There is accordingly a need in the art for an improved emergency lighting fixture which eliminates all potentially troublesome limit switches and gives accurate and reliable cover movement at all times.
The present invention overcomes the problems outlined above, and provides an improved emergency light fixture of the flush-mounted variety. Broadly speaking, the fixture of the invention includes a housing adapted for placement in a wall or ceiling aperture and presenting an opening, with a shiftable cover movable between a closed position and an open position; an illumination lamp is located within the housing when the cover is in its closed position, but preferably is moved at least partially out of the housing when the cover is open. The overall fixture further includes an operating assembly coupled with the cover and lamp in order to selectively move the cover and operate the lamp. The assembly includes a servo-motor having an output, with an operator connected between the output and the cover for moving the cover towards its open and closed positions. A control circuit is also provided which is coupled with an emergency power source and connected with the servo-motor and lamp respectively.
In preferred forms, a pair of illumination lamps are provided, and these are connected to the cover in order to provide a gravity assist during cover opening and to insure that the full illumination power of the lamps is utilized. The cover is secured to the housing by means of a special hinge which causes the cover to both pivot and translate relative to the housing during cover movement. This special hinge comprises first and second hinge parts respectively connected to the housing and cover, with a hinge pin interconnecting the hinge parts; the first hinge part is connected with the housing in a floating manner and translates during cover movement by virtue of a slot/connector arrangement between the hinge part and housing.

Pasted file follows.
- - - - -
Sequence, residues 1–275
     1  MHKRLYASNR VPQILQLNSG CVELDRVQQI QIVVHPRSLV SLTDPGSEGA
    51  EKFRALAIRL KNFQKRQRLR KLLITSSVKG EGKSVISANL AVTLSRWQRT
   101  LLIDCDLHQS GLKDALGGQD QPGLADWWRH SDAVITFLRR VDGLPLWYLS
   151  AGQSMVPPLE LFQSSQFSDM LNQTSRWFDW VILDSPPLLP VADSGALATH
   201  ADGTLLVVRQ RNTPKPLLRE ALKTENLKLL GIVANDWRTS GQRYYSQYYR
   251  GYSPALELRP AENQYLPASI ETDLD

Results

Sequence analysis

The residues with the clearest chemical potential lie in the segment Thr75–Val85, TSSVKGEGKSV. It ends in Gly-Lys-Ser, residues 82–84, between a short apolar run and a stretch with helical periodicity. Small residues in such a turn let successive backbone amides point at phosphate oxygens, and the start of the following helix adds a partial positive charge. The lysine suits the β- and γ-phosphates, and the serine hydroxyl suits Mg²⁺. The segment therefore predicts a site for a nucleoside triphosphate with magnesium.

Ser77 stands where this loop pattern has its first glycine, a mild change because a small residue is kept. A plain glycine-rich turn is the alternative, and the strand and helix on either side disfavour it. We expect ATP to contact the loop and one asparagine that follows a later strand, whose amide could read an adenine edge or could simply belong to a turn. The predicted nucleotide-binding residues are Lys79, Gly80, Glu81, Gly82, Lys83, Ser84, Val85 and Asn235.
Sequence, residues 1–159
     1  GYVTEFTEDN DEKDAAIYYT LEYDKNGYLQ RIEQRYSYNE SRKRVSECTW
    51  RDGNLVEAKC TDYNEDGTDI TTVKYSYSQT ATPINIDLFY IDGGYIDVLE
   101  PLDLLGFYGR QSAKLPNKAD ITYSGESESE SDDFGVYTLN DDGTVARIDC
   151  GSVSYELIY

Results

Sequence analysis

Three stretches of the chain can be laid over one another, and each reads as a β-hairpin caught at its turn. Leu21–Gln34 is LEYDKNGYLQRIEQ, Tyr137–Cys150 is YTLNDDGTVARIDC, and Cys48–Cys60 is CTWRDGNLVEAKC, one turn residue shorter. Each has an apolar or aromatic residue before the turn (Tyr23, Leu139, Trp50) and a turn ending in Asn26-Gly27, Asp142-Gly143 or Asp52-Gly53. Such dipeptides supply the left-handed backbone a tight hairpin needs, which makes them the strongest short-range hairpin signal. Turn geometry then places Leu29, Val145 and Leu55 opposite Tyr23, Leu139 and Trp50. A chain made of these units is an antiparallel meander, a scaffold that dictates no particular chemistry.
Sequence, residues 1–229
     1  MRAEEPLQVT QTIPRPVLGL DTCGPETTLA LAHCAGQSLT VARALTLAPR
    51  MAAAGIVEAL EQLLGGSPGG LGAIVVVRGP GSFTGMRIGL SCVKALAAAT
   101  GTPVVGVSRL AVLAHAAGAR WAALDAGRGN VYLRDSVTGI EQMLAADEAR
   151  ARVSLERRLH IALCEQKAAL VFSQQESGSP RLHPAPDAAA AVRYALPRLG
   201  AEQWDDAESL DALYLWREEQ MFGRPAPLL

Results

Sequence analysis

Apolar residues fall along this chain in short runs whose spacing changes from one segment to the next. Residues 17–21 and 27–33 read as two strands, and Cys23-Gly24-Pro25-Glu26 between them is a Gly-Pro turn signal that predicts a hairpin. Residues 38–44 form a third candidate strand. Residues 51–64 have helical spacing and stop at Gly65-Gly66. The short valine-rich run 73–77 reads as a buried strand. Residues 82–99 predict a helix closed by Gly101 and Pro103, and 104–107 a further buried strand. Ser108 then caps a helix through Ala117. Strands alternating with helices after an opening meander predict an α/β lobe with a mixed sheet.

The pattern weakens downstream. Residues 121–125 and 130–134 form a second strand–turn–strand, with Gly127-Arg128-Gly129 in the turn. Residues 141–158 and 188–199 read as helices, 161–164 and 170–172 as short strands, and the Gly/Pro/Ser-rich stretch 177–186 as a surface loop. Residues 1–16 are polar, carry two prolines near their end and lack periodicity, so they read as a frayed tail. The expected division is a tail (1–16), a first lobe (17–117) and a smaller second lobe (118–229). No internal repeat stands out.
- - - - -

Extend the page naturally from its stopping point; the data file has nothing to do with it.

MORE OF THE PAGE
Use of a servo-motor and appropriate control circuitry permits the cover to be accurately moved between its open and close positions without the need for limit switches, and the preferred floating hinge arrangement facilitates reliable cover control.
FIG. 1 is a perspective view of the preferred emergency light fixture of the invention, shown with the cover thereof in its closed position;
FIG. 2 is a perspective view similar to that of FIG. 1, but illustrating the cover in its open position during emergency use of the light fixture;
FIG. 3 is a vertical sectional view of the preferred light fixture of the invention, shown mounted in a ceiling and during deployment and use of the fixture;
FIG. 4 is a vertical sectional view similar to that of FIG. 1, but showing the fixture in its normal closed and inactive position; and